cook-seevers-hall.jpg Michigan State University
Originally called Entomology on Laboratory Row, the restored 1889 building is now Cook-Seevers Hall.

Michigan State University restores 130-year-old building

A $3 million donation enabled the university to upgrade 1889 facility, now known as Cook-Seevers Hall.

A 130-year-old building on the East Lansing campus of Michigan State University has undergone an extensive restoration.

Constructed in 1889, the facility, which has been known as Cook Hall, received a $3 million overhaul that restored the ceilings, walls, woodwork and period lighting to preserve the building’s historic origins. Other improvements include addition of multifunctional gathering spaces, breakout areas to foster interaction and collaboration and better meeting, research and study space. Also, the building is now completely accessible with the addition of a barrier-free entrance, restrooms and elevator.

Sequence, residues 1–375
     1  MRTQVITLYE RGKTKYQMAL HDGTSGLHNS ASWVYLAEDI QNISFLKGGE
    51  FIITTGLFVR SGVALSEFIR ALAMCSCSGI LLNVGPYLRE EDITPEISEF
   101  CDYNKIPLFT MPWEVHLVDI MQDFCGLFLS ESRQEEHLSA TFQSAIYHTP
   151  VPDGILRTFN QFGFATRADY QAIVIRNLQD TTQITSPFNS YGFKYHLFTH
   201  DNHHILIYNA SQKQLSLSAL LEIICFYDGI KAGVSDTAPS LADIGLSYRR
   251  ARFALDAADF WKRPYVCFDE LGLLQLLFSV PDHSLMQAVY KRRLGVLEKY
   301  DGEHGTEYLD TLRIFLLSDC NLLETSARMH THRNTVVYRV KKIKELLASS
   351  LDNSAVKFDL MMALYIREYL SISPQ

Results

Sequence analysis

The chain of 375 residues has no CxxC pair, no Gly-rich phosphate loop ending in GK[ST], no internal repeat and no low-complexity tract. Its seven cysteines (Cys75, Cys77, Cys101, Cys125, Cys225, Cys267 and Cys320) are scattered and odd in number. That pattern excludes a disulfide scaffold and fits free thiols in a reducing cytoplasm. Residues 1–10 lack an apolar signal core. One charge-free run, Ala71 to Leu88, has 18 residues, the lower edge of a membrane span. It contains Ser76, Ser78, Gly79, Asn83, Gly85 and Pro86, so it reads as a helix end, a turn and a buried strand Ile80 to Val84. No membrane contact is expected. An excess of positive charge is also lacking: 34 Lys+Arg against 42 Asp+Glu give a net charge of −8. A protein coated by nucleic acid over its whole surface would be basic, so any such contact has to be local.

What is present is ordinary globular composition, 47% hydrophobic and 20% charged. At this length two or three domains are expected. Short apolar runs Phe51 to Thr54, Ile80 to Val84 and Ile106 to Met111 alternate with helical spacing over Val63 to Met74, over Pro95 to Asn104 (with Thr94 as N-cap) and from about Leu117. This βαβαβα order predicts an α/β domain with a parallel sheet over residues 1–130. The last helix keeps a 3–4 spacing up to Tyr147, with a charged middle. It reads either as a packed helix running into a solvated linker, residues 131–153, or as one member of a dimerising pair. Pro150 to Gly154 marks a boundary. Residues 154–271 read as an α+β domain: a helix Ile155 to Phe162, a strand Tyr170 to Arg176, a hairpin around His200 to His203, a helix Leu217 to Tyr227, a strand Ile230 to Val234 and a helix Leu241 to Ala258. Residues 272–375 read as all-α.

In honor of a $3 million donation from alumnus Gary Seevers that paid for the restoration, the building has been renamed Cook-Seevers Hall.

The building is part of Michigan State's historic Laboratory Row – six buildings constructed between 1888 and1909. For more than 50 years it has housed graduate students from the College of Agriculture and Natural Resources. Renovations were completed earlier this year.

Originally known as Entomology on Laboratory Row, the building was renamed in 1969 for Albert J. Cook, an 1862 MSU graduate and one of the leading economic entomologists of his time.

During his time at MSU, Seevers studied animal science and agricultural economics and received his bachelor’s, master’s and doctorate degrees.

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